This weekend sees the start of the Carnevale festival in Rome, 10 days of festivities taking place across the city centre before the more serious business of Lent begins. And nowhere does religious festivals better than Italy’s holy city!
While I’m sure many people will already be travelling to the Eternal City this month on romantic Valentine’s breaks, the overlapping Carnevale celebrations are making a trip to Rome seem all the more appealing. Despite being a religious festival of sorts, there’s little that’s stuffy about Carnevale Romano, which involves concerts, art events and horseback parades bringing the ancient city’s wonders to life.
The celebrations kick off with a costumed parade along Via del Corso on Saturday 6 February, which, according to the New York Times, will involve 60 riders and over 100 performers paying homage to the horse races that used to take place here until the 19th century. The festivities will conclude in grand style on Shrove Tuesday, 16 February – better known to festival-goers as Mardi Gras – with a performance from Italian folk singer and musician Angelo Branduardi.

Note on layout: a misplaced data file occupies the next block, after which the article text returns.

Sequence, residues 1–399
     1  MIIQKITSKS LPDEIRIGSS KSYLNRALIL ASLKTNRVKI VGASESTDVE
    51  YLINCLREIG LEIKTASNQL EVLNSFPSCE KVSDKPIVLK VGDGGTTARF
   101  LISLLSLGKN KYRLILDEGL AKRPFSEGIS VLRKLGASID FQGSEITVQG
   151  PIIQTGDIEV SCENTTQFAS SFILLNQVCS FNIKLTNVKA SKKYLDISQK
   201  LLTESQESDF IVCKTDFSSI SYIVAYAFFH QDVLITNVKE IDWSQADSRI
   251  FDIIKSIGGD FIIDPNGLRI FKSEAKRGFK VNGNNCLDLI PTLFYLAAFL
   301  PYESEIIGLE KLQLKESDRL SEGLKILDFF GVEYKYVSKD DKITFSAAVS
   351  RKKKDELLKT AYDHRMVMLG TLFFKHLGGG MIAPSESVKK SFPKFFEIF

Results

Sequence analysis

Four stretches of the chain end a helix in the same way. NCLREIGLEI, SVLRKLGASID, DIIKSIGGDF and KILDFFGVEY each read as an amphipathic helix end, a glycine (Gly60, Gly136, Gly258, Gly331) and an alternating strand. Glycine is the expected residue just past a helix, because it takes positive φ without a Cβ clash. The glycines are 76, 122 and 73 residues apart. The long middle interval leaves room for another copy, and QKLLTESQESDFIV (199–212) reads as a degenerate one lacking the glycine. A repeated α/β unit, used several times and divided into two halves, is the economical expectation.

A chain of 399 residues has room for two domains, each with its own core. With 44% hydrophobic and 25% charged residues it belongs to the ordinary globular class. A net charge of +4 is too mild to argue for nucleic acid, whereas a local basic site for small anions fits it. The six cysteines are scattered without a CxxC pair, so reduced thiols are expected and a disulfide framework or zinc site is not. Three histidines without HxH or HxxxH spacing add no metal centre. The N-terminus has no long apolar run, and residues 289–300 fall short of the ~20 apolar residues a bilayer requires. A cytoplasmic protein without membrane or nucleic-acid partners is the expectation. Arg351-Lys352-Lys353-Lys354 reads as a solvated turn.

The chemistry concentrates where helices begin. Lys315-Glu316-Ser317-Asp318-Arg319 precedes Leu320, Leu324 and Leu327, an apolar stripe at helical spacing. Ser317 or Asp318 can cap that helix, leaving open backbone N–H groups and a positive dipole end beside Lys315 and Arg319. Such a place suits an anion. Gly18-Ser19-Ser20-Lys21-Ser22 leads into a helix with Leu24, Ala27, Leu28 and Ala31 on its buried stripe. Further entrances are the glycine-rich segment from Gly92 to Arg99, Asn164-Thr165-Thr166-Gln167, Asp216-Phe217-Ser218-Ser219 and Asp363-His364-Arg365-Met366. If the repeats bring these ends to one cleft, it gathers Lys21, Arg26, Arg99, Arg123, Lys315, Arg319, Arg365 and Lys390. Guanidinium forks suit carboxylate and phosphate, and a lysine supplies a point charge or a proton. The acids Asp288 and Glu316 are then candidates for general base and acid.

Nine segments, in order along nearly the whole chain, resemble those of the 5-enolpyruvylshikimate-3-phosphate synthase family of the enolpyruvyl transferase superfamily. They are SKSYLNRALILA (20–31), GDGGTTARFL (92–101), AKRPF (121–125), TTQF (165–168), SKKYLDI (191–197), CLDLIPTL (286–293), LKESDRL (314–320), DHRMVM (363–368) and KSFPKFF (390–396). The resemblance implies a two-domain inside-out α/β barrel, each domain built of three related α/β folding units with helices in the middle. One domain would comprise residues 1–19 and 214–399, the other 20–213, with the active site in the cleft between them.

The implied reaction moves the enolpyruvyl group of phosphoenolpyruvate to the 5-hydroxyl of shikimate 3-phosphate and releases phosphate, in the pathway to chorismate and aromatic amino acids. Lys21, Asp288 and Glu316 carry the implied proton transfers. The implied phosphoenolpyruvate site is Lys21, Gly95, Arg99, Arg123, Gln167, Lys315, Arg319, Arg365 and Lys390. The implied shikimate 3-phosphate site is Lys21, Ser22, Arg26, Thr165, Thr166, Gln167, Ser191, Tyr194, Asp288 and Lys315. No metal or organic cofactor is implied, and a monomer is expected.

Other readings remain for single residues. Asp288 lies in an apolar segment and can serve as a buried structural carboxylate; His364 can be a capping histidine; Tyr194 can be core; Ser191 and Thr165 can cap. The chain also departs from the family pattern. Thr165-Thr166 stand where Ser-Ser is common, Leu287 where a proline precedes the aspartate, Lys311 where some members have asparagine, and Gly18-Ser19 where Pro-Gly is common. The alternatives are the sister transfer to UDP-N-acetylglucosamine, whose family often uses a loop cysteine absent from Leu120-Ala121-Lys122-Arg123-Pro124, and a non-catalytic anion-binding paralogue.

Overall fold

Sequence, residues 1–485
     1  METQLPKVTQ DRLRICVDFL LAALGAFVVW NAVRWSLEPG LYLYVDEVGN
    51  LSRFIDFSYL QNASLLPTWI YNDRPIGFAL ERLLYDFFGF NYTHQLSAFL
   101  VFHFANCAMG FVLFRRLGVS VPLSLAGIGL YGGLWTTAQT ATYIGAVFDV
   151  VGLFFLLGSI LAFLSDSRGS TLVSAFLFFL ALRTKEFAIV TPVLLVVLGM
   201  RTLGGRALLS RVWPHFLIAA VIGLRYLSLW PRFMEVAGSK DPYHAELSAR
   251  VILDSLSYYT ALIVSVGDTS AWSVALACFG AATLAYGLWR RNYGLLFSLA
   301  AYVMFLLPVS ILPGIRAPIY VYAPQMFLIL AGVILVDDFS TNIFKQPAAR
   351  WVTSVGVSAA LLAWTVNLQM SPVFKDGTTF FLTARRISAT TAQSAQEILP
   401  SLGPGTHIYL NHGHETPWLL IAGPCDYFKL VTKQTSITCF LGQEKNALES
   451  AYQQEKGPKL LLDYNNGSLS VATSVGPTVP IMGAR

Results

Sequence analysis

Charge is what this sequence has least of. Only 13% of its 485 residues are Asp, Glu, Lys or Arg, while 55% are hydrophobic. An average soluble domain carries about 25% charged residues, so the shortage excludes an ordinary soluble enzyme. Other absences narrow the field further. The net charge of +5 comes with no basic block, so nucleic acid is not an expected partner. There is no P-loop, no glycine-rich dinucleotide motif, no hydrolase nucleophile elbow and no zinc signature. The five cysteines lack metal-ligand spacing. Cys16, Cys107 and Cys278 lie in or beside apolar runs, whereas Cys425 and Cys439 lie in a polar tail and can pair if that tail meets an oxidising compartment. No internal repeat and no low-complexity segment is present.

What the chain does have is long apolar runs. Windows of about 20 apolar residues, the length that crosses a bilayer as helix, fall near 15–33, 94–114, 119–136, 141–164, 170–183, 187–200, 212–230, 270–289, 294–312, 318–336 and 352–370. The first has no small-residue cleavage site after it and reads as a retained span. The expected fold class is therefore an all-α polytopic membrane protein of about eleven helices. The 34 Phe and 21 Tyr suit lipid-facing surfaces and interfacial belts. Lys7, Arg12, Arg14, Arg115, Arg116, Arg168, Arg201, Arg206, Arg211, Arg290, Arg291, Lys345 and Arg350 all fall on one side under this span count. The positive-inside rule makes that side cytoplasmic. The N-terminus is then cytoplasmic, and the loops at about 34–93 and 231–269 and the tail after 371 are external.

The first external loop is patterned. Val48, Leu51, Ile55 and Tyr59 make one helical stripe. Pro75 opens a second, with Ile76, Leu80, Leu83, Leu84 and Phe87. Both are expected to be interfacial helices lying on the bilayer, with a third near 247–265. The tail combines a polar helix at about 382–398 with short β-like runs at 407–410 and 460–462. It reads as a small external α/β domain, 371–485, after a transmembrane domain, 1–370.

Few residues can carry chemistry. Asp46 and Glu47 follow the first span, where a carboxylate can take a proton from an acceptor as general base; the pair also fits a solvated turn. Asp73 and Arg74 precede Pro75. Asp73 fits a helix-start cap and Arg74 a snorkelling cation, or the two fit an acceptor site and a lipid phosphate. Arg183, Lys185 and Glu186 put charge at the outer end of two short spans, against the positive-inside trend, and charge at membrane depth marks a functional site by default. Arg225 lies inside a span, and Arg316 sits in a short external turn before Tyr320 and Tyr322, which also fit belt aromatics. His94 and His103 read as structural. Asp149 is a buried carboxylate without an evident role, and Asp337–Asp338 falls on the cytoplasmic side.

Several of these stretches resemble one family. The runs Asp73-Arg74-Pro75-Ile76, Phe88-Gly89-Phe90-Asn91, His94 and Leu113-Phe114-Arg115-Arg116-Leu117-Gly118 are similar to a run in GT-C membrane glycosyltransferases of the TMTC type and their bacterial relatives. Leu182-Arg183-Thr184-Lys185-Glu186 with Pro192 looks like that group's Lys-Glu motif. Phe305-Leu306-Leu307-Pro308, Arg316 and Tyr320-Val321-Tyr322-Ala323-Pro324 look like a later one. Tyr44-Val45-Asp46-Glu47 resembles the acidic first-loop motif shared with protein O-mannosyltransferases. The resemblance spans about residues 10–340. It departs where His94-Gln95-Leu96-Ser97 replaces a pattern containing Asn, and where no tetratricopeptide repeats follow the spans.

Rome isn’t the only city in Italy that pulls out the stops for Carnevale though, and this year’s festival season will once again see the city twinned with Venice in an artistic exchange. Simply put, this will involve Rome’s Teatro dell’Opera taking their show to Teatro La Fenice and a number of Venetian artists taking part in events at various venues across Rome, helping to bring two of Italy’s cultural capitals together.
Anyone who’s visited Rome before won’t be surprised to learn that the Piazza del Popolo will be host to one of the festival’s major events, with the Village of Culture and Tradition being set up to host debates, meetings and performances between the 11th and 16th. Equestrian fans whose thirst hasn’t already been quenched by the parade will also be able to see a horse riding show being put on in the square on 13 and 14 February, directed by one of Italy’s leading riding instructors.
For centuries, Carnevale celebrations have been the perfect way for many people to enjoy some light relief before committing their willpower to Lent. Of course, Lent isn’t restricted to Christianity, and even if you’re not religious, the period can still be an effective way of deciding to make changes to your life – even if it’s only for 40 days and nights. Are you thinking of giving anything up this year?